1. The Black Sarcophagus
The discovery of a massive, 2000-year-old sealed black granite sarcophagus in Alexandria, Egypt in July 2018 prompted speculation that opening it would unleash a world-ending curse. When opened, the sarcophagus was found to contain only the remains of three Egyptian army officers and a reddish-brown sewage liquid, spawning the #sarcophagusjuice meme.
2. The Knife-Armed Man
While excavating a 1200- to 1400-year-old necropolis in northern Italy, archaeologists found the remains of a man with a knife blade prosthetic arm. Analysis of the man’s bones revealed that his arm had been removed through blunt-force trauma below the elbow, and that he lived for some time afterward with the knife blade prosthesis in place of a hand.
3. The Elder Cheese
While the world was still mourning over not being allowed to drink the sarcophagus juice, archaeologists in Saqqara, Egypt uncovered another ancient (and equally inedible) find: the world’s oldest known solid cheese. Protein analysis showed that the 3,300-year-old powdery white substance was likely a mixture of cow and either goat or sheep milk, made into a cheese, which was left in the tomb of an official who served the pharaoh. Scientists warned that the cheese might actually be “cursed” with live bacteria that could sicken anyone who dared to taste it.
4. Ancient Sites Appearing in the Back Yard
Drought and a massive heatwave across the UK revealed the presence of hundreds–if not thousands–of previously unknown archaeological sites, ranging from neolithic hamlets to massive henges and WWII landscape modifications. These are no crop circles: because disturbed sections of the landscape hold more water than undisturbed soil, the differential drying patterns have revealed the exact locations of buried structures.
5. Spiral Shaped Mass Burial
Archaeologists working at Tlalpan, just south of Mexico City, uncovered the remains of ten individuals arranged in a spiral shape in a mass grave. The burial, which dates to the Preclassic period, includes adults, juveniles, and an infant, who were all buried in a single event and left with many grave goods.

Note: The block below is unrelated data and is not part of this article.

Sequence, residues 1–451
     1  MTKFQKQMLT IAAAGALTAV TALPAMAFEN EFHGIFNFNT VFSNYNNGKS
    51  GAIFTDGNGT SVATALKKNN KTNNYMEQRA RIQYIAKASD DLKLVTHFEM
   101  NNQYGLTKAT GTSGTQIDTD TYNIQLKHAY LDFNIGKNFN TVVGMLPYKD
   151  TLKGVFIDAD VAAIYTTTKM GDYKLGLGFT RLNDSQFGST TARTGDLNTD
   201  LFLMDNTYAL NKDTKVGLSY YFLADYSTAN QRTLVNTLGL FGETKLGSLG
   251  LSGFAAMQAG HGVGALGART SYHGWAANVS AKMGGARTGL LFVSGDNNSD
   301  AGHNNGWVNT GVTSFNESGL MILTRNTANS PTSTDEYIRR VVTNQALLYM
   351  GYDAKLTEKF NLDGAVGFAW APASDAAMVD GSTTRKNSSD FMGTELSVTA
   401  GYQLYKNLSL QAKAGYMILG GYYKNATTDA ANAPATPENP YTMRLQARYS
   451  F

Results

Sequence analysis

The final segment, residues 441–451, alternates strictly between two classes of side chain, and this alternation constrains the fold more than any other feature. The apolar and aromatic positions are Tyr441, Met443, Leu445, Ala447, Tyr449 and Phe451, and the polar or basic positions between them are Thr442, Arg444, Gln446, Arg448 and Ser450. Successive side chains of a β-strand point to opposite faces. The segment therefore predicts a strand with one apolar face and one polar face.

6. A Creepy Tiny Hand
At the Roman fort of Vindolanda near Hadrian’s Wall in England, archaeologists found a creepy, lifelike, miniature bronze hand. The hand may be associated with the worship of Jupiter Dolichenus, a mystery cult whose practices were shrouded in secrecy, which was very popular in the Roman army of the early 3rd century CE. The hand was likely left as an offering after a major invasion of Scotland in which a huge number of people may have been killed.
7. The Lucky Few Deceased
Another mass grave was uncovered in late 2017 on Murder Island off the western coast of Australia. This grave contained the remains of five individuals, survivors of the wreck of a merchant ship called the Batavia, which sank nearby in 1629. Although these five individuals are believed to have died of dehydration shortly after the shipwreck, more than 100 survivors were brutally murdered by mutineers in the following months.
8. The Most Unlucky Man
At Pompeii, the site of Mt. Vesuvius’ disastrous eruption that killed the entire town in 79 CE, a man was found who was thought to have been crushed to death by a massive falling stone. Although archaeologists later found that the man’s head and upper torso were intact, they initially hypothesized that the rock had landed on him as he attempted to flee, hindered by an infection in his leg.
9. The Underground Labyrinth of Death
Using tiny remote-operated robots, archaeologists working at Chavin de Huantar in Peru have discovered a network of 35 interlocking underground tunnels, which contained the remains of at least three individuals that may have been sacrificed in “rituals [involving] drugs, noise and light manipulation.”
10. Pits Full of Heads
Archaeologists working along the Great Wall of China published new findings that describe a previously largely unknown early stratified society, the Shimao polity. Along with thousands of jade items, researchers discovered that human sacrifice was an important feature of this society. At least six pits filled with the decapitated heads of young women were excavated at the site.
- The Lothagam North Pillar Site in Kenya was found to be the oldest and largest cemetery site in eastern Africa, with more than 580 individuals interred over the course of 450 to 900 years. This awesome site isn’t really creepy… with the exception of a burial headdress made of more than 400 gerbil teeth.
- Record-setting drought and low water levels along the Elbe river in Europe revealed many “hunger stones” along the river banks–rocks carved with laments and warnings from prior periods of drought and famine with carved dates as early as 1417. One stone reads, “if you see me, weep.”